Clive Palmer seems to be pissing off everybody of late. First, it was his billboards, then unsolicited text messages, and now, a bizarre two-minute ad on Channel 9, which has left the public furious with the real-estate man turned mining magnate, honorary professor and Donald Trump wannabe.
Text messages told those receiving to tune into Channel 9 between 7:20 pm and 7:35 pm on Thursday for a special announcement.
The ad, believed to have cost upwards of $130,000, featured Retired Royal Australian Air Force Squadron Leader Martin Brewster saying that new private runways owned by the Chinese near Cape Preston pose a security risk to the mineral resources in the Pilbara and the North-West Gas Shelf.
“Australia could not repel military aircraft if they landed from carriers offshore”, Brewster claimed.
“A superior military air force could, in effect, control all of Western Australia’s resources in the Pilbara, and the North-West Shelf gas reserves.”
This was followed by the United Australia Party’s lead WA senate candidate James McDonald launching an attack on state Labor MP Pierre Yang for having links to Chinese Communist Party groups.
“Labor Party whip Yang, born in China, was affiliated with the Chinese Communist Party groups dedicated to extending the Chinese communist government’s influence in Australia”, McDonald alleged.
Former Royal Australian Navy Commander Phil Collins (no, not the drummer-turned-singer) appeared worried about a full-scale invasion.
“The port of Cape Preston in the Pilbara in Western Australia is a deepwater port … It has the facilities necessary to support and sustain large-scale naval operations in the Indian Ocean”, he stated.
“The power generation and water desalination plant, together with the bunker fuel capacity, provide the necessary logistics to support a large ground-force equipped with heavy equipment”, Collins continued.
“Chinese state-owned companies have exercised control over all these facilities contrary to the security of Australia”, he warned.
It seems Clive is set on dragging the Australian public through his company’s battles with the Chinese and Western Australian government, and some commenters on the video on social media weren’t buying it.
“Clive, you literally partnered with a company run by the Chinese Communist Party. Get fucked you commie sympathiser”, said one.
For a man who has made his billions from income streams that would make the environmentalists among us drop our jaws in horror, Palmer sure does love to recycle.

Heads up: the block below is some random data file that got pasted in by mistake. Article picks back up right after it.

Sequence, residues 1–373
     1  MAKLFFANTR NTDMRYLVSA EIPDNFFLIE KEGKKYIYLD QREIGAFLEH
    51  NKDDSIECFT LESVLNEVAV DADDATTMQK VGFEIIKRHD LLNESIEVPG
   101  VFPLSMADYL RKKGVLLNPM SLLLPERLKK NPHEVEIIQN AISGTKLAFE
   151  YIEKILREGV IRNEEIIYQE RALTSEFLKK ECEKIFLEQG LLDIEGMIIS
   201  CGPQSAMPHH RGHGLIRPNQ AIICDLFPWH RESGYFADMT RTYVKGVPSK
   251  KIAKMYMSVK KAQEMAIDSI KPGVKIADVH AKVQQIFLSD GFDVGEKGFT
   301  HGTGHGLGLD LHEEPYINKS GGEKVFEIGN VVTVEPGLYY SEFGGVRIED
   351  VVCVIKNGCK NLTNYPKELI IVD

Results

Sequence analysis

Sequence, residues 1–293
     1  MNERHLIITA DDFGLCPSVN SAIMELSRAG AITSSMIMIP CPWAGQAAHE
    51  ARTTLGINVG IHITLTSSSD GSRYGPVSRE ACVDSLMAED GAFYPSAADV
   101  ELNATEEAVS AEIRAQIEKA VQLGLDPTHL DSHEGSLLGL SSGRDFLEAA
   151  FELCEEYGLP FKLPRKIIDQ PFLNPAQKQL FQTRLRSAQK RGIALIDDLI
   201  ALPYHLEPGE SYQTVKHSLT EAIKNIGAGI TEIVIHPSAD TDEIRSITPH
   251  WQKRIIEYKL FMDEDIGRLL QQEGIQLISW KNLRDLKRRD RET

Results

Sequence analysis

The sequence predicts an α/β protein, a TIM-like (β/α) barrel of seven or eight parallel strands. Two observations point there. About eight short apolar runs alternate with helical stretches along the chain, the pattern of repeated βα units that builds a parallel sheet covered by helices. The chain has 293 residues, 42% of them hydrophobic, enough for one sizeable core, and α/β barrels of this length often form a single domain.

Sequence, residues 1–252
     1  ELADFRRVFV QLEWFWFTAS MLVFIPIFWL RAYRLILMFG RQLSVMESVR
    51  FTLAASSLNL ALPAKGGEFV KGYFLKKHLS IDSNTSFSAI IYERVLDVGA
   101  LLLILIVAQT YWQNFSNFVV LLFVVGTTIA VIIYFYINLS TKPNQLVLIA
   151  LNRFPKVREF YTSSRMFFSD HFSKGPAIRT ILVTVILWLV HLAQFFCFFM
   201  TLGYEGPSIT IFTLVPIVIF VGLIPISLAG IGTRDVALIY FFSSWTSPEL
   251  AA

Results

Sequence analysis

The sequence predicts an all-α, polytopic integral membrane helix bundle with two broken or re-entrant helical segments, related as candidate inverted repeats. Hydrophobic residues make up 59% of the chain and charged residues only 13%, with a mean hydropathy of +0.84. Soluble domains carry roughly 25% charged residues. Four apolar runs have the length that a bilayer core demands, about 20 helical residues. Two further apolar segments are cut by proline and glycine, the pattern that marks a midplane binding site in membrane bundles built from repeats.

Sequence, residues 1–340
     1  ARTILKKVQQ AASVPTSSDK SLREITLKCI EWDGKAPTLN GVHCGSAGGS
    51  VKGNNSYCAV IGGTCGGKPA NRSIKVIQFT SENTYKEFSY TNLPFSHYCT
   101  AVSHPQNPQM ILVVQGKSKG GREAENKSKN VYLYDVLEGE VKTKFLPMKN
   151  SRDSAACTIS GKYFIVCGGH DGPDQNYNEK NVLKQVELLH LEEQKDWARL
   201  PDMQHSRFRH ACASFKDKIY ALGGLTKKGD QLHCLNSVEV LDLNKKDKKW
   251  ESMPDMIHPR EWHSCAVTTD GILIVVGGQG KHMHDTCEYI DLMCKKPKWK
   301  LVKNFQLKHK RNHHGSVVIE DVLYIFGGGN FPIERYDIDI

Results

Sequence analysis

The United Australia Party is, of course, perhaps the most egregious example of the mining baron repurposing something which was never his, to begin with, along with his catch cry, the repurposing of music such as the Labor anthem It’s Time in his app, or a cover of Twisted Sister’s We’re Not Gonna Take It, Clive is tapping into the populist playbook like no politician we’ve seen before in Australia.
With actions like this, it’s no wonder the mainstream media seem set on chastising the man somehow once named as a National Living Treasure, albeit while inexplicably taking millions of dollars in advertising money with their free hand.
Palmer, the larger-than-life head of Mineralogy, BRW Rich Lister, and former MP is throwing millions of dollars at what he hopes will be his political resurrection.
You can hardly pass through an average-sized town without seeing Clive’s face on a billboard, resplendent with grand claims of 300km/h fast trains, lower house prices, and, promising to “Make Australia Great”, ripping off the “Make America Great Again” slogan coined by the Reagan campaign in the 1980 United States Presidential election, and made popular more recently by Donald Trump in his successful 2016 campaign for the same office.
The former member for Fairfax bleats talking points in his radio and television adverts as if they were fully-fledged policy platforms, and bombards the public with text messages about fast trains and telling them their freedom is at risk.
Add to the fact Palmer is hesitant to answer any questions asked by the media as to how much he’s spent on his political campaign, and you’ve got every radio-station shock-jock in the country shit-talking the big man.
In fact, so unwilling is Clive to answer questions or respond to criticism, that he blocked me on Twitter after the 2013 federal election after I pointed out the then-Palmer United Party hadn’t run candidates in all 150 lower-house seats as he had promised.
But despite the ridicule he is receiving, Clive doesn’t care.
Instead, much like a teenager headed to a house party, it appears he is having the time of his life right now.
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